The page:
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Mamedyarov Wins In Beijing, Topalov First Qualifier For 2014 Candidates

  • webmaster
  • on 16/07/13 08:30.

With the two top boards finishing in quick draws, the FIDE Grand Prix was decided just a few hours into the final round: Shakhriyar Mamedyarov won the event, and Alexander Grischuk ended on second place. The two split the point with Boris Gelfand and Peter Leko respectively. Veselin Topalov, who defeated Alexander Morozevich, secured victory in the overall Grand Prix series after five of the six tournaments and is the first player to qualify for the 2014 Candidates Tournament.

In the last round everything was decided rather quickly. Runner-up Alexander Grischuk was the first player to call it a day. He said he was surprised by Leko's 13...Bxc3 and 14...Ne4 and decided to check the board of Mamedyarov-Gelfand. At that point, the Azerbaijani had a solid advantage, and so it was clear that he would never lose. Therefore Grischuk went for a move repetition and Leko didn't mind; he expected a difficult game with Black!

Mamedyarov and Gelfand played the old line with ...c5, dxc5 in the Fianchetto King's Indian, and because 15...Bg4 was inaccurate, White actually had something to play for. However, after Grischuk had drawn his game, Mamedyarov only needed a draw to finish clear first and that made him decide to go for 25.Rxe6.

By then the top three was clear: 1. Mamedyarov, 2. Grischuk, 3. Leko. Veselin Topalov could still join Leko in third place if he beat Alexander Morozevich. He did so, and the win turned out to be of crucial importance for the standings in the overall Grand Prix (see below). The game was quite a nice victory in a Philidor:

Gata Kamsky suffered yet another loss, against Wang Hao. In this Nimzo-Indian the American suggested 18...exd5!? 19.cxd5 and now 19... Nc7 or 19...f4 when Black gives up his bishop on a5 but creates dangerous counterplay against the white king. The game was a one-sided affair and strongly played by China's number one grandmaster. 

Wang Yue and Anish Giri played the same variation as Mamedyarov and Gelfand, and the result was also the same. In this game, however, it was Black who got an advantage after the inaccurate 21.Nd2 (with this move Wang Yue was planning 23. Bf3 Bxf3 24. exf3 but later he saw 24...Rc6! 25. Kf2 Ra6). Giri probably played g5-g4 too quickly and then Black couldn't make progress anymore.

Vassily Ivanchuk and Sergey Karjakin then also finished with a draw, after 51 moves in a Queen's Gambit Declined, Tartakower Defense. Black's early ...b5 was both positionally ugly and very solid. Perhaps White could have played e3-e4 somewhere, maybe prepared with f2-f3. After 28.h4, a move criticised by Ivanchuk after the game, this plan wasn't possible anymore.

Beijing GP 2013 | Scores

Round 1 15:00 CST 04.07.13   Round 2 15:00 CST 05.07.13
Giri 0-1 Karjakin   Karjakin 1-0 Wang Hao
Morozevich ½-½ Wang Yue   Grischuk ½-½ Ivanchuk
Gelfand 0-1 Topalov   Mamedyarov ½-½ Kamsky
Leko ½-½ Mamedyarov   Topalov ½-½ Leko
Kamsky 0-1 Grischuk   Wang Yue ½-½ Gelfand
Ivanchuk ½-½ Wang Hao   Giri ½-½ Morozevich
Round 3 15:00 CST 06.07.13   Round 4 15:00 CST 07.07.13
Morozevich 0-1 Karjakin   Karjakin ½-½ Grischuk
Gelfand 0-1 Giri   Mamedyarov 1-0 Wang Hao
Leko ½-½ Wang Yue   Topalov ½-½ Ivanchuk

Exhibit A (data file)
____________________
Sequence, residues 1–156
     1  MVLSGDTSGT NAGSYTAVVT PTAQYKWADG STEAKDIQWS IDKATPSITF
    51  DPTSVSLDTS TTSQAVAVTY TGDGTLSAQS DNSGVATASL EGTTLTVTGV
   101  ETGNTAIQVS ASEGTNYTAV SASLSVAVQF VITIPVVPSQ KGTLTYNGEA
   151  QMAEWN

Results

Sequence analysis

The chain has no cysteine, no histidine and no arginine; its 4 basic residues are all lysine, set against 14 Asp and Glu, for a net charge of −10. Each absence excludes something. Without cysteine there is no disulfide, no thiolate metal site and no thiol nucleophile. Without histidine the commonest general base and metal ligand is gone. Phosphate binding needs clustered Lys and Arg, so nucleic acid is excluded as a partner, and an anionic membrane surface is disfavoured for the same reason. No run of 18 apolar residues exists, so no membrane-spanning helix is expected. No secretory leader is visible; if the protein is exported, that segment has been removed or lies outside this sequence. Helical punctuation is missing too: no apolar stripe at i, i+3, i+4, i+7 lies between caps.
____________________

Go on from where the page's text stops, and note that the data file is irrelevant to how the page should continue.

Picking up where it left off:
Kamsky ½-½ Topalov   Wang Yue 1-0 Kamsky
Ivanchuk 0-1 Mamedyarov   Giri ½-½ Leko
Wang Hao ½-½ Grischuk   Morozevich 1-0 Gelfand
Round 5 15:00 CST 09.07.13   Round 6 15:00 CST 10.07.13
Gelfand ½-½ Karjakin   Karjakin 0-1 Mamedyarov
Leko ½-½ Morozevich   Topalov ½-½ Grischuk
Kamsky 0-1 Giri   Wang Yue 1-0 Wang Hao
Ivanchuk 1-0 Wang Yue   Giri ½-½ Ivanchuk
Wang Hao ½-½ Topalov   Morozevich 1-0 Kamsky
Grischuk 1-0 Mamedyarov   Gelfand ½-½ Leko
Round 7 15:00 CST 11.07.13   Round 8 15:00 CST 12.07.13
Leko 1-0 Karjakin   Karjakin 0-1 Topalov
Kamsky ½-½ Gelfand   Wang Yue ½-½ Mamedyarov
Ivanchuk 1-0 Morozevich   Giri ½-½ Grischuk
Wang Hao 1-0 Giri   Morozevich ½-½ Wang Hao
Grischuk 1-0 Wang Yue   Gelfand 1-0 Ivanchuk
Mamedyarov 1-0 Topalov   Leko ½-½ Kamsky
Round 9 15:00 CST 14.07.13   Round 10 15:00 CST 15.07.13
Kamsky ½-½ Karjakin   Karjakin ½-½ Wang Yue
Ivanchuk ½-½ Leko   Giri 1-0 Topalov
Wang Hao ½-½ Gelfand   Morozevich 1-0 Mamedyarov
Grischuk ½-½ Morozevich   Gelfand 1-0 Grischuk
Mamedyarov 1-0 Giri   Leko ½-½ Wang Hao
Topalov ½-½ Wang Yue   Kamsky 1-0 Ivanchuk
Round 11 13:00 CST 16.07.13        
Ivanchuk ½-½ Karjakin        
Wang Hao 1-0 Kamsky        
Grischuk ½-½ Leko        
Mamedyarov ½-½ Gelfand        
Topalov 1-0 Morozevich        
Wang Yue ½-½ Giri        


Beijing GP 2013 | Final standings

# Player Rating 1 2 3 4 5 6 7 8 9 0 1 2 Points SB
1 Mamedyarov,Shakhriyar 2761 * 0 ½ 1 0 1 1 ½ 1 ½ 1 ½ 7.0/11
2 Grischuk,Alexander 2780 1 * ½ ½ ½ ½ ½ 1 ½ 0 ½ 1 6.5/11
3 Leko,Peter 2737 ½ ½ * ½ ½ 1 ½ ½ ½ ½ ½ ½ 6.0/11 32.75
4 Topalov,Veselin 2767 0 ½ ½ * 1 1 0 ½ ½ 1 ½ ½ 6.0/11 31.75
5 Morozevich,Alexander 2736 1 ½ ½ 0 * 0 ½ ½ 0 1 ½ 1 5.5/11 29.75
6 Karjakin,Sergey 2776 0 ½ 0 0 1 * 1 ½ ½ ½ 1 ½ 5.5/11 28.75
7 Giri,Anish 2734 0 ½ ½ 1 ½ 0 * ½ ½ 1 0 1 5.5/11 28.75
8 Wang,Yue 2705 ½ 0 ½ ½ ½ ½ ½ * 0 ½ 1 1 5.5/11 28.75
9 Ivanchuk,Vassily 2733 0 ½ ½ ½ 1 ½ ½ 1 * 0 ½ 0 5.0/11 28.25
10 Gelfand,Boris 2773 ½ 1 ½ 0 0 ½ 0 ½ 1 * ½ ½ 5.0/11 27.75
11 Wang,Hao 2752 0 ½ ½ ½ ½ 0 1 0 ½ ½ * 1 5.0/11 26.00
12 Kamsky,Gata 2763 ½ 0 ½ ½ 0 ½ 0 0 1 ½ 0 * 3.5/11


Grand Prix 2012-2013 | Current Standings

Name Fed Criteria London 2012 Tashkent 2012 Zug 2013 Thess. 2013 Beijing 2013 (Paris 2013) Best 3 total
Topalov BUL Rating 140   170 45 100   410
Mamedyarov AZE Rating 140 80 20   170   390
Grischuk RUS World Cup 90     85 140 x 315
Caruana ITA FIDE President   80 100 125   x 305